With the April 1, 2015 deadline for filing FCC (News - Alert) Form 499-A with USAC, the Universal Service Fund (“USF”) Administrator, it’s time for Interconnected VoIP (“I-VoIP”) providers to start anticipating and planning for a variety of revenue reporting issues unique to enterprise and other advanced communications services.
When it comes to reporting revenue from advanced communications services, the Form 499-A Instructions and the FCC’s limited guidance have created a quagmire of uncertainty. In particular, we are seeing increased confusion and inconsistency with regard to the reporting of certain services that are frequently provided in conjunction with core I-VoIP offerings. Typical “ancillary” services include the provision of direct inward dialing (“DIDs”) numbers, call center features (e.g., IVR, auto attendant, call center software), conference bridging, 800 services, SIP trunking, MPLS, and enhanced call features. As explained below, even if such services may not fit within the FCC’s definition of I-VoIP services when viewed in isolation, if these services are “associated with” an I-VoIP service, USAC may treat revenue from these “ancillary” services as USF-assessable.
As a result, I-VoIP service providers that have been allocating revenue from “ancillary” services as non-assessable “information services” could confront a USAC reclassification of said revenue as USF-assessable in an audit. The ultimate consequence could be exposure to retroactive liability for underpaid USF contributions.
Whether or not USAC’s position is sustainable upon FCC or judicial review remains to be seen, for as of now their position is untested on appeal. In the meantime, all providers of I-VoIP services are advised to evaluate this issue and how it may impact upcoming Form 499-A revenue reporting with the assistance and support of qualified telecommunications counsel.
FCC Rules Regarding Treatment of Services Ancillary to I-VoIP
For traditional telecommunications service providers, treatment of ancillary services is less complex due to the FCC’s application of the “adjunct-to-basic” concept, which is embodied in decades of FCC and judicial precedent. Under this line of precedent, the FCC essentially determined that certain services (including caller ID, call tracing, call waiting, call forwarding, and speed dialing, among others) that satisfy the definition of “information services” are nevertheless included within the term “telecommunications services.” As such, revenue from such “adjunct-to-basic” services should be treated as assessable telecommunications revenue for federal USF reporting and contribution assessment purposes.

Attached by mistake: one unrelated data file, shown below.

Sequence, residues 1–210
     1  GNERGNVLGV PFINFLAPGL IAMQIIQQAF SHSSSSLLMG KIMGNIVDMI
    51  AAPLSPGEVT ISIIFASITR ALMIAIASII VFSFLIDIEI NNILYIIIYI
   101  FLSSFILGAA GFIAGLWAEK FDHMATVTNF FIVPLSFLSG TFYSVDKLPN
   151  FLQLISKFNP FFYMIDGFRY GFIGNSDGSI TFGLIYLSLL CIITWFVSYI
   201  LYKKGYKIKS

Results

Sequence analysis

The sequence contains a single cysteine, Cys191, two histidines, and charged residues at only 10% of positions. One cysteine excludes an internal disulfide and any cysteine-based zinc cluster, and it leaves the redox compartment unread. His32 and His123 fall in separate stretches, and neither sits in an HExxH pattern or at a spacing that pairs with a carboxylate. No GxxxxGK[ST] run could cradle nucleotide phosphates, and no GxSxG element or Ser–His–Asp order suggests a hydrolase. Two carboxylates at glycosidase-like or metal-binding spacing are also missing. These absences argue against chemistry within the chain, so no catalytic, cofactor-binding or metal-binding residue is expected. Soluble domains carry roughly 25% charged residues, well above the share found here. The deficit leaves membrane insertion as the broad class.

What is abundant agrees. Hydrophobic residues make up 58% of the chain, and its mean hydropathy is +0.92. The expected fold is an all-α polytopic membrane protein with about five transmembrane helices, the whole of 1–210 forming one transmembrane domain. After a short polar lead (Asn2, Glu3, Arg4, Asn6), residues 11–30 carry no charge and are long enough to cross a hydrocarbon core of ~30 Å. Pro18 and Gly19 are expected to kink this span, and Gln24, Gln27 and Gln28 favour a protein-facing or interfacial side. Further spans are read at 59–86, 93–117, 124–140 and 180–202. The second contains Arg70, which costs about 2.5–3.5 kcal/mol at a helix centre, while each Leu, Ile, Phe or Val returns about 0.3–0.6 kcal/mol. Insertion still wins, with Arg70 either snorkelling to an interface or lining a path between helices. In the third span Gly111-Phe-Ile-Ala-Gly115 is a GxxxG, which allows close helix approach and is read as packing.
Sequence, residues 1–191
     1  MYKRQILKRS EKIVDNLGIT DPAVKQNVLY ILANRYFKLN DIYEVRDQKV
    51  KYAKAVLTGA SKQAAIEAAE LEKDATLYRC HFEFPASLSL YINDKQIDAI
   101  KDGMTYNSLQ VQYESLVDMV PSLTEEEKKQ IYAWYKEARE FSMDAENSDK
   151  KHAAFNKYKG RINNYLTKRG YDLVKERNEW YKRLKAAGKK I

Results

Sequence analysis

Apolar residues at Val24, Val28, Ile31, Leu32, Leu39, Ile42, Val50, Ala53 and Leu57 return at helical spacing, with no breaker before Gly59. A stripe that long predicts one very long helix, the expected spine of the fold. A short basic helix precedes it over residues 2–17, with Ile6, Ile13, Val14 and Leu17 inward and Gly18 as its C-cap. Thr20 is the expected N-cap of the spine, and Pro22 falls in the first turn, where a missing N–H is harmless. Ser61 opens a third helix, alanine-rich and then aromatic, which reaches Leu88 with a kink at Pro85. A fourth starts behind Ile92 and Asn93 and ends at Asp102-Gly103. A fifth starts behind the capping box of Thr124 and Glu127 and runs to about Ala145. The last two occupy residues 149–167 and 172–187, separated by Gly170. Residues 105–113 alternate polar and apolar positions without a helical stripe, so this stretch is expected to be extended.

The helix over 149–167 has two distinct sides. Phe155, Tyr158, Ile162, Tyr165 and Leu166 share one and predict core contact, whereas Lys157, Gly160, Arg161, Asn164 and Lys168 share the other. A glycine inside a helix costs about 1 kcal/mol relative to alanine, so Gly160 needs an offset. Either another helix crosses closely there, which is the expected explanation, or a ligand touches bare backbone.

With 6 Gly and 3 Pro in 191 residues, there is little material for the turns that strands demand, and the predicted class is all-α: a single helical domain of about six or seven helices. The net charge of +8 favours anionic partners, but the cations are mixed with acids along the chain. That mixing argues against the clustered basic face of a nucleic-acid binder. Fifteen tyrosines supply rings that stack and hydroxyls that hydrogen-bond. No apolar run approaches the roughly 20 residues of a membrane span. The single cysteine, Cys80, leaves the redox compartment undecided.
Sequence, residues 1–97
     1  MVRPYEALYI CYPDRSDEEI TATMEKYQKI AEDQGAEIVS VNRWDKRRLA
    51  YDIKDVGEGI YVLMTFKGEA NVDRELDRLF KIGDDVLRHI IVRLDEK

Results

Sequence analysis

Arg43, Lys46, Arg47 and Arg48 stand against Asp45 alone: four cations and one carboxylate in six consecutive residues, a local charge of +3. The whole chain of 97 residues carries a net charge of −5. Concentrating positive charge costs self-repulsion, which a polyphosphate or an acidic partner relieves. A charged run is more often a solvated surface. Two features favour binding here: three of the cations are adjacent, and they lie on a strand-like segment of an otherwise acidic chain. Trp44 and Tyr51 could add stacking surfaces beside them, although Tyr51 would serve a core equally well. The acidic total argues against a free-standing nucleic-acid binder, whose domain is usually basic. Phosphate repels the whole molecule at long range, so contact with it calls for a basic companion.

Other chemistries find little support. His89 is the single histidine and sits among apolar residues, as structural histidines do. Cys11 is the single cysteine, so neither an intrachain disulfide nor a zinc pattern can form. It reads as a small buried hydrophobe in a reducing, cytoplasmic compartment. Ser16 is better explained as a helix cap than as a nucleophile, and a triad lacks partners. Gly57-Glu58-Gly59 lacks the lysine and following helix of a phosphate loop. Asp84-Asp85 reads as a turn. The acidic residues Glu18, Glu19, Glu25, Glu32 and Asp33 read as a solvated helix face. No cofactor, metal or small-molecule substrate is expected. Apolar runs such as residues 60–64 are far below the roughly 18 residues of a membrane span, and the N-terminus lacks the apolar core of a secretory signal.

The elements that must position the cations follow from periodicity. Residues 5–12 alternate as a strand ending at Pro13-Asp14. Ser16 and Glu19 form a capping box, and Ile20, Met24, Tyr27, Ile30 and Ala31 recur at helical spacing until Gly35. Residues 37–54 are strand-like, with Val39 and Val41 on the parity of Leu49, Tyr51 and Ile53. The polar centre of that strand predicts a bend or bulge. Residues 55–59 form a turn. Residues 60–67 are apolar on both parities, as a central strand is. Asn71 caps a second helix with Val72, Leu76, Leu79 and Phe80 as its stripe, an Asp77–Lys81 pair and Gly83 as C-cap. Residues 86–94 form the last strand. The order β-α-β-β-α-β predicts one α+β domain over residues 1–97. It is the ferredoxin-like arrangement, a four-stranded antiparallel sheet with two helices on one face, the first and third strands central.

The FCC has not formally extended its “adjunct-to-basic” precedent to I-VoIP; neither has any court. Presumably, therefore, ancillary services that individually qualify as “information services,” but which are sold in conjunction with I-VoIP services should be exempt from USF. However, this is not necessarily the case – at least not according to USAC, which is extending the “adjunct-to-basic” construct to I-VoIP services through a corollary concept called “associated with I-VoIP.”
VoIP service providers unaware of USAC’s “associated with I-VoIP” policy may find themselves underreporting USF-assessable revenue. Providers that are aware run the risk of reporting too much revenue and paying too much in USF contributions should the FCC or an appellate court deem USAC’s “associated with” concept unlawful.
Form 499-A Reporting: Time to Take a Closer Look
Complex and uncertain issues, like the one described in this article, are not unusual when it comes to Form 499-A revenue reporting. Given the complexity and the consequences at stake, now is a good time for providers to examine their past USF collection and reporting practices and determine the approach they wish to take going forward in light of the current regulatory uncertainty. While uncertainty can pose risks, it also presents opportunities for providers to craft more advantageous USF collection and reporting practices that take into account each provider’s risk tolerance, as well as potential options for competitively pricing and marketing their services.
About the Authors: Jonathan Marashlian is the Managing Partner of Marashlian & Donahue, LLC, The CommLaw Group. Mr. Marashlian is the winner of multiple Lexology / International Law Office (“ILO”) Client Choice Awards, named overall winner in the Telecom Law-U.S. category. The CommLaw Group has been honored as the Leading Customer Service Law Firm of the Year and Best Communications Law Firm in the U.S. by ACQ Global Awards for three consecutive years. Allison D. Rule, co-chair of The CommLaw Group’s Communications Taxes & Fees and USAC Audits practice groups, co-authored this article. Mr. Marashlian may be reached at (703) 714-1313 or jsm@CommLawGroup.com.
Disclaimer: This article is intended for informational purposes only and is not for the purpose of providing legal advice. You should not act upon the information in this article without seeking professional counsel.